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A comparison between preoperative magnetic resonance and intraoperative ultrasound tumor volumes and margins

A comparison between preoperative magnetic resonance and intraoperative ultrasound tumor volumes... A major obstacle in surgical neuro‐oncology is differentiating the interface between tumor and normal brain. Twenty‐two brain tumors were evaluated preoperatively with magnetic resonance imaging. Intraoperative ultrasonography was used to guide suggical resection of these tumors, and results were compared with surgical and pathologic findings. Ultrasound tumor volume estimates were larger than T1 gadolinium‐enhanced and T1 non‐gadolinium‐enhanced volumes, but these differences did not reach statistical significance. Similarly T2 volumes were larger than the corresponding sonographic volumes, except for the subset of low‐grade gliomas, and in that instance the difference was small, but again the differences were not statistically significant. Ultrasonography enhanced identification of infiltrating tumor cells beyond falsely underestimated tumor margins as defined by T1 images. Ultrasound images helped differentiate edema as seen on T2 images from solid tumor and normal brain. The information gained from ultrasound images can be used to enhance tumor resection and improve patient survival and quality of life. © 1994 John Wiley & Sons, Inc. http://www.deepdyve.com/assets/images/DeepDyve-Logo-lg.png Journal of Clinical Ultrasound Wiley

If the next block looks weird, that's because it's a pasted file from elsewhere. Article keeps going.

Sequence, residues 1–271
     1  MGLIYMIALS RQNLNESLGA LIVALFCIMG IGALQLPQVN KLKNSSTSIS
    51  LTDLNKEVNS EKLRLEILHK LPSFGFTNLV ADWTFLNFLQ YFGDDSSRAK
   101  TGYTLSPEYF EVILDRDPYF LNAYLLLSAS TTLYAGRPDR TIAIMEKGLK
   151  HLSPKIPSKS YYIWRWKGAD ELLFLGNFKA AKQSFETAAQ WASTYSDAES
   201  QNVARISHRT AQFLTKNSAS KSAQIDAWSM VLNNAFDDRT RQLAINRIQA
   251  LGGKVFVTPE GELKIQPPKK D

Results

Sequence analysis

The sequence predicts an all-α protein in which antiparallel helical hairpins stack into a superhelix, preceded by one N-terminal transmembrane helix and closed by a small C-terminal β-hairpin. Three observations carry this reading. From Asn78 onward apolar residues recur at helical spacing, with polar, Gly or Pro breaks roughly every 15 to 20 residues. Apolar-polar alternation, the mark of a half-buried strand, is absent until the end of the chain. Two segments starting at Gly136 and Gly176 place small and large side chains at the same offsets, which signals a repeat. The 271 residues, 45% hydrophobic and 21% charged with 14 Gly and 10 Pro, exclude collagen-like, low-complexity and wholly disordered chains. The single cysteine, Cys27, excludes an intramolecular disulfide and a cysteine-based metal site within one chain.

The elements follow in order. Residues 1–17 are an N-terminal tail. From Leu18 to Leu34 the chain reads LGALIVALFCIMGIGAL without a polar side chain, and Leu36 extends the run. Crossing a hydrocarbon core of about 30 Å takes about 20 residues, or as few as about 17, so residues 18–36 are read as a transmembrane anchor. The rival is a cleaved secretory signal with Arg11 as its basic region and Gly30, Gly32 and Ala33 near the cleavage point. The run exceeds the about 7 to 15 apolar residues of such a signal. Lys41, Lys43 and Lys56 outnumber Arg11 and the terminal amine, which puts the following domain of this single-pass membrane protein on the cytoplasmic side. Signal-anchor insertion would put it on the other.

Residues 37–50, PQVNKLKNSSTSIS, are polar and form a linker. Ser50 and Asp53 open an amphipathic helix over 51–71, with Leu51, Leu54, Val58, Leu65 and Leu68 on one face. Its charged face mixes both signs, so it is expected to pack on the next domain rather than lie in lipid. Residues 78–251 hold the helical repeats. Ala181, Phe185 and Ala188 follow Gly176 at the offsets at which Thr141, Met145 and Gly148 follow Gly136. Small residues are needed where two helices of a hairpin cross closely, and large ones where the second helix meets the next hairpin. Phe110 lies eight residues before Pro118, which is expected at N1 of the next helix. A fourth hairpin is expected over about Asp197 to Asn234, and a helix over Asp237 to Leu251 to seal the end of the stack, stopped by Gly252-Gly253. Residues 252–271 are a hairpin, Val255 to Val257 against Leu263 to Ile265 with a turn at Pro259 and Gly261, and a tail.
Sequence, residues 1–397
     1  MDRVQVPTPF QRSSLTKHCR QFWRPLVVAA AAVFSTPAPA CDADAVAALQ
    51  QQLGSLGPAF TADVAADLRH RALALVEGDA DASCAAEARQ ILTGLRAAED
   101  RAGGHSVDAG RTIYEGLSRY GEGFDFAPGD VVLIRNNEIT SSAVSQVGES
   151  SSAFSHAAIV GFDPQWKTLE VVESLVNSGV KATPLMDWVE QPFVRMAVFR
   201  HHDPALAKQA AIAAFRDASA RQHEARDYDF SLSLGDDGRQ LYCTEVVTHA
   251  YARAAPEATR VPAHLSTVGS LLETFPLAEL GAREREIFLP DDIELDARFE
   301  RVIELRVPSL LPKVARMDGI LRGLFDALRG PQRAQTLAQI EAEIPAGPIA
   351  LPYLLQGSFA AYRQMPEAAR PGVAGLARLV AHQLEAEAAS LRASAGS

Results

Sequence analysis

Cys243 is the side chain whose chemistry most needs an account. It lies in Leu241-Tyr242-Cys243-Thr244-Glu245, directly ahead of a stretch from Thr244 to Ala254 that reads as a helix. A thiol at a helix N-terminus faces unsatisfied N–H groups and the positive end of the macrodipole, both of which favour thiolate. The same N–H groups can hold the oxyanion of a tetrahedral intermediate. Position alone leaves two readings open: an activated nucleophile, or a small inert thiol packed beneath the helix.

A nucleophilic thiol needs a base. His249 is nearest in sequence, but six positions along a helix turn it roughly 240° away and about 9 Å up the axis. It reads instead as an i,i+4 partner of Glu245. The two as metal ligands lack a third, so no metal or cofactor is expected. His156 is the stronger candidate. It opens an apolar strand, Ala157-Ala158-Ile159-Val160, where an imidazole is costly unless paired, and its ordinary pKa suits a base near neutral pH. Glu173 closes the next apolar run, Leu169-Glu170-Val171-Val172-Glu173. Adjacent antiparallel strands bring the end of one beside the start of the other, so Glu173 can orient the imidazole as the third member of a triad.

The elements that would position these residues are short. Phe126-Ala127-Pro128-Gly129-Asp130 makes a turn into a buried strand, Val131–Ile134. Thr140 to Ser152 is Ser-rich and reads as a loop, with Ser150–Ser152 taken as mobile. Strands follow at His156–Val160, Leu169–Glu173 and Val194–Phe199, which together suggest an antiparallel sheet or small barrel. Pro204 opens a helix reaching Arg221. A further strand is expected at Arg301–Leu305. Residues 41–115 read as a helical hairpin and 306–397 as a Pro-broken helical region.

A comparison between preoperative magnetic resonance and intraoperative ultrasound tumor volumes and margins

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References (38)

Publisher
Wiley
Copyright
Copyright © 1994 Wiley Periodicals, Inc., A Wiley Company
ISSN
0091-2751
eISSN
1097-0096
DOI
10.1002/jcu.1870220107
Publisher site
See Article on Publisher Site

Abstract

A major obstacle in surgical neuro‐oncology is differentiating the interface between tumor and normal brain. Twenty‐two brain tumors were evaluated preoperatively with magnetic resonance imaging. Intraoperative ultrasonography was used to guide suggical resection of these tumors, and results were compared with surgical and pathologic findings. Ultrasound tumor volume estimates were larger than T1 gadolinium‐enhanced and T1 non‐gadolinium‐enhanced volumes, but these differences did not reach statistical significance. Similarly T2 volumes were larger than the corresponding sonographic volumes, except for the subset of low‐grade gliomas, and in that instance the difference was small, but again the differences were not statistically significant. Ultrasonography enhanced identification of infiltrating tumor cells beyond falsely underestimated tumor margins as defined by T1 images. Ultrasound images helped differentiate edema as seen on T2 images from solid tumor and normal brain. The information gained from ultrasound images can be used to enhance tumor resection and improve patient survival and quality of life. © 1994 John Wiley & Sons, Inc.

Journal

Journal of Clinical UltrasoundWiley

Published: Jan 1, 1994

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